|Numéro de publication||US6427626 B1|
|Type de publication||Octroi|
|Numéro de demande||US 09/491,593|
|Date de publication||6 août 2002|
|Date de dépôt||25 janv. 2000|
|Date de priorité||25 janv. 1999|
|État de paiement des frais||Caduc|
|Autre référence de publication||US6705249, US20030037732|
|Numéro de publication||09491593, 491593, US 6427626 B1, US 6427626B1, US-B1-6427626, US6427626 B1, US6427626B1|
|Inventeurs||Robert L. Quinlan, Patrick W. Brown|
|Cessionnaire d'origine||Petzone Products Limited|
|Exporter la citation||BiBTeX, EndNote, RefMan|
|Citations de brevets (38), Référencé par (23), Classifications (6), Événements juridiques (8)|
|Liens externes: USPTO, Cession USPTO, Espacenet|
This application claims the benefit of U.S. Provisional Application Ser. No. 60/117,089, filed Jan. 25, 1999.
The present invention relates generally to a feeding apparatus, and more particularly to a support structure for supporting a feeding vessel in an elevated position and providing a storage compartment for foodstuff.
It has been found that the health of a dog or other such pet, can be improved by providing a feeding position which is raised above the ground or floor. This reduces or eliminates the need for the dog to position its head downward during feeding. Among the benefits of an elevated feeding position are that the dog swallows less air during feeding. Moreover, dogs suffering from arthritis can feed with reduced pain. Overall, an elevated feeding position provides a more comfortable and convenient feeding position.
While there are structures known in the prior art which provide an elevated position for a feeding vessel, these structures have many significant disadvantages. The disadvantages include feeding vessels which are fixed to the support structure, or feeding vessels which have curved bottom surfaces. These types of feeding vessels are inconvenient to fill with foodstuff, such as dog food or water. Moreover, such feeding vessels cannot be placed on the ground or floor for use separate from the support structure.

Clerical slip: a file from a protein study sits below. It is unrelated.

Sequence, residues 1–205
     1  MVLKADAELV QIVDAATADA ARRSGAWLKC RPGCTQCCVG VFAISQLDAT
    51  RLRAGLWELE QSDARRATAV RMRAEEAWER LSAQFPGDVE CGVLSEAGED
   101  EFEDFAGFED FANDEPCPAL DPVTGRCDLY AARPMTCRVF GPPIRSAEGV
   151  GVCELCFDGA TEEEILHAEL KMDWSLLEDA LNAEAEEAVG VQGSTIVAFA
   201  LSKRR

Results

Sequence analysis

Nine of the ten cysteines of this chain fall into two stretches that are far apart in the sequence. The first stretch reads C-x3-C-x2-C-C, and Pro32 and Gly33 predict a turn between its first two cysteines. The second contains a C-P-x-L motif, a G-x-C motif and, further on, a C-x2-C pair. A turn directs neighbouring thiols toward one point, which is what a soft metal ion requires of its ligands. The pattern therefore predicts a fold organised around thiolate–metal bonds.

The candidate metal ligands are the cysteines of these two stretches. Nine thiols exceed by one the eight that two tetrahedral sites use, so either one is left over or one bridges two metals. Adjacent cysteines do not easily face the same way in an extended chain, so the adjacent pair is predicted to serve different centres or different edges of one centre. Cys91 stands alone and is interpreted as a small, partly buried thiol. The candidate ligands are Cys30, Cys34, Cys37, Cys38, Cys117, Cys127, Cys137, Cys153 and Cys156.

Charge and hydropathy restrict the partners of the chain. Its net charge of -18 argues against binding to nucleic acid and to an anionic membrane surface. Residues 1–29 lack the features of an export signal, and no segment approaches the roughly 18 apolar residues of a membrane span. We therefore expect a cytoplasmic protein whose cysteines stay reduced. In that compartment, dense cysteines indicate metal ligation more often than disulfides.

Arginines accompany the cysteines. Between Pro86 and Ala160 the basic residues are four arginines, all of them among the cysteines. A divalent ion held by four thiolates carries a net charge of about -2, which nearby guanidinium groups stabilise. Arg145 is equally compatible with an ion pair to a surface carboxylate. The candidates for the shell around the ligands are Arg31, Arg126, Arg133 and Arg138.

Many of the prior art support structures rely upon the use of ballast material to provide stability (e.g., to prevent sliding). Moreover, some prior art support structures use detachable legs, which may become unstable during prolonged use. In addition, prior art support structures do not allow for stacking, so as to reduce the amount of space needed by a retailer to store the support structures.
Another disadvantage of prior art support structures is that they do not provide a means for conveniently storing foodstuff in the feeding vessel prior to dispensing. Accordingly, additional space is required for food storage, since this foodstuff must be stored in its original packaging (e.g., a bag or box) or in a separate container.
According to the present invention there is provided a pet feeding system including a support structure and a detachable feeding vessel, wherein said support structure supports the feeding vessel at a position elevated above the ground or floor.
An advantage of the present invention is the provision of a pet feeding system wherein the feeding vessel is detachable from the support structure.
Another advantage of the present invention is the provision of a pet feeding system wherein the detached feeding vessel may be place upon a generally flat surface and used for feeding a relatively small dog (e.g., a puppy) on the ground or floor.
Another advantage of the present invention is the provision of a pet feeding system wherein the feeding vessel can be easily and conveniently grasped for removal from the support structure.